Spirituality: The Soul’s Auto- Search for the Sacred It is not easy to look for a defi- nition of spirituality that does not tend to be exclusive. Com- mon Catholic definitions almost always involve the operation of one’s intelligence and will, in being engaged in introspection (again involving the cognitive faculties), or referring to a life lived with some degree of in- tensity marked by an explicit concern with the best things there are (i.e, those things most wanted by one’s intelligence and will), or similarly, the raising of the mind and the heart. These definitions are good, in that they capture for the “intelligent” and “willing” individuals (who can read and understand these definitions) the essence of the human spirit and its engage- ments. But to the extent that they seem to exclusively involve cognitive faculties lends the defi- nition to being misconstrued as only for people who will pass an intelligence test and can strongly will to even take it. What of those who have developmental disabilities? What of those who have severe mental disabilities? Don’t they have a spirituality we can speak of? Fr. Albert Alejo, SJ,12 gives

a kind of descriptive definition:

“At the heart of the notion of spirituality is the people’s search for the sacred, for a transcendent di- mension to life, for something that gives people meaning in their lives,

CNA
CNA

my seminary days), had always

posed a personal challenge to re- view, re-examine and re-new my Christian and priestly commit- ments. When I was invited to be one of the speakers of the First Philippine Conference on the New Evangelization (PCNE),

I had initially simply wished to

articulate the challenges I have always known, encountered and ruminated on these past years. My purpose, as was the overall purpose of the PCNE, was to re- awaken new fervour within the Catholic Church to take up these challenges too so that She may be a more inviting, healing, and reconciling community of faith, where a “culture of encounter” thrives. Of course there are many challenges that the Catholic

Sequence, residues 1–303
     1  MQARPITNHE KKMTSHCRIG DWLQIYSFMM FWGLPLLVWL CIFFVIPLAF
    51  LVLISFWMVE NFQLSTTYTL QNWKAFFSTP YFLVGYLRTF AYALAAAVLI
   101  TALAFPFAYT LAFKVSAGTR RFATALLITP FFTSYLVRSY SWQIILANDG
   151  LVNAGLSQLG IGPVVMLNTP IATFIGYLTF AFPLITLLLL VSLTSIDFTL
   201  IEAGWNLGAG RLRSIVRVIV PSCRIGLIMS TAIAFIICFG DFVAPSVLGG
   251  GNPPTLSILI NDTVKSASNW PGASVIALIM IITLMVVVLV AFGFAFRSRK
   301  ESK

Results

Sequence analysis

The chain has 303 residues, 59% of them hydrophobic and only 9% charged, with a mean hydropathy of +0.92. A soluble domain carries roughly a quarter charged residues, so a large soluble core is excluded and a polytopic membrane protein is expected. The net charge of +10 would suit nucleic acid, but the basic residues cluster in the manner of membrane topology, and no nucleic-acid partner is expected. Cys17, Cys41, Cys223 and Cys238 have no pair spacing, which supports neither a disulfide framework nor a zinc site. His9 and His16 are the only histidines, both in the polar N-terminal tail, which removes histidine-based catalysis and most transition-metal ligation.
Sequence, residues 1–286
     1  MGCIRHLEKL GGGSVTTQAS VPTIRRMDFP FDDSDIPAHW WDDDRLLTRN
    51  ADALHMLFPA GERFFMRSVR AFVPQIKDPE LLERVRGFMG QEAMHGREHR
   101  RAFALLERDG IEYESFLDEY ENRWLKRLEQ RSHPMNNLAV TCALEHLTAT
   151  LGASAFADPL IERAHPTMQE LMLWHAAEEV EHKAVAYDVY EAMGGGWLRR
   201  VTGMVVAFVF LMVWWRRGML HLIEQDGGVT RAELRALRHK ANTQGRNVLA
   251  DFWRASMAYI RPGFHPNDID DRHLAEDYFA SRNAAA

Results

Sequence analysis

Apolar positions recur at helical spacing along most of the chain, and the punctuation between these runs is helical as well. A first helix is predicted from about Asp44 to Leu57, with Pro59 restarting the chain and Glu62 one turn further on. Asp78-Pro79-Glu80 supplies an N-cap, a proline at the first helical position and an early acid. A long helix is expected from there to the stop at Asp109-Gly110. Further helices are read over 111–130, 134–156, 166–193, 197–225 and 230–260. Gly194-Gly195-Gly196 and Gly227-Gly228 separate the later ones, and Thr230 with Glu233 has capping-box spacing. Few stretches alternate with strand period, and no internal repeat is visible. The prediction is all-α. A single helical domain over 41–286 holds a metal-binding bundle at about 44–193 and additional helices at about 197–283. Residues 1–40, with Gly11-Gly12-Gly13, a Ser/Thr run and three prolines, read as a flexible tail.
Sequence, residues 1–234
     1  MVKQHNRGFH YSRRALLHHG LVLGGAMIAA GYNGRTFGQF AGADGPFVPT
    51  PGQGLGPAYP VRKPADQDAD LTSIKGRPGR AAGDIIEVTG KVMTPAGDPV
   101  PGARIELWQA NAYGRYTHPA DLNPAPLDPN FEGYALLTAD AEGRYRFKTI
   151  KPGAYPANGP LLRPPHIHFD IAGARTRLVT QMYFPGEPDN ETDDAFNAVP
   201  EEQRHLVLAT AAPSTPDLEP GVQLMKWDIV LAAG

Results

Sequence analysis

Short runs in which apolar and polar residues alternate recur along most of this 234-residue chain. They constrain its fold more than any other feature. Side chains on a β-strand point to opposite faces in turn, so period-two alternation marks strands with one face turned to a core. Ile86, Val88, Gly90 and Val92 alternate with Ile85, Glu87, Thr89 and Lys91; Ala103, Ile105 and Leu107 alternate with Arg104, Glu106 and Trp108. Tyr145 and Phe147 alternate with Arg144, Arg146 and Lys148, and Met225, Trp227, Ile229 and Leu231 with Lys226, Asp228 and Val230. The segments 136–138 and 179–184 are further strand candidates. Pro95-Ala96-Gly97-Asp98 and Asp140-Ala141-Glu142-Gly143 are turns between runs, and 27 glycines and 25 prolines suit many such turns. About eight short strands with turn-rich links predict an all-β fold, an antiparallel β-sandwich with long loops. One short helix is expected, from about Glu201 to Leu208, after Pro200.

Church faces today. I know that all of them easily make it to the news. Undeniably, the media hype they receive compounded by the gravity of the issues had always shaken the morale of the hierarchy and the laity with intensity 7s. Fortunately so, we are not only a “human” Church, we are Christ’s Body. Our Divine Head keeps us alive, fully human and indefatigable. He makes us rise through these rubbles of our own human doing. His mercy endures forever. But there are challenges that never make a sound, nary a quiver. In this little write-up,

I would like simply to focus

on one big reality: the lack of active participation of persons- with-disabilities in the life of the church.

The Obvious: Numbers National Luzon has the greatest num- bers of PWDs. As per our National Statistics Office’s 2010 Census Report released in January 10, 2013, the total population of the Philippines is estimated at 92.1 million.1 It indicated that 1.4 million or 1.57 percent of this number had disability. Among the 17 regions, Region IV-A (CALABARZON)2 had the highest number of PWDs at 193 thousand. This was followed by the National Capital Region (NCR)3 with 167 thousand PWDs. Region III (Central Luzon)4 ranked third with 139 thousand PWDs. These three re- gions with the greatest numbers of PWDs are in Luzon.

Children and Youth Sectors have the greatest numbers of

attempt to verify the popular impression that the number of Filipino Catholics has been dwindling, the reporter noted with optimism the following:

“The Catholic Directory of the Philippines has said six million more Catholics in the country

have been counted so far in 2013, an eight-percent leap from figures culled in 2012. This year, the number of Filipino Catholics reached 76.18 million out of the country’s estimated population of 96.8 million. The Catholic Di- rectory also recorded 1.37 million baptisms since 2012.”5 The Not So Good News. Of this 76.18 million Catholics, we ask how many are PWDs? We do not know for sure as we have no Church records. And so we turn to our National Statistics Office (NSO). Unfortunately, however, except for the total PWD population (estimated at 1.4 million, in 2010, three years ago), the most relevant report pertaining to our inquiry that we can gather from their website is thirteen years old.6 So, to simplify matters for our purposes, let us just tentatively use the old data (viz., “81.48% of the total PWD population are Roman Catholics”) and apply it to our 2010 PWD population (1.4 million) to get an estimate of PWD Roman Catholics. This results to more than 1.1 million Roman Catholics who have dis-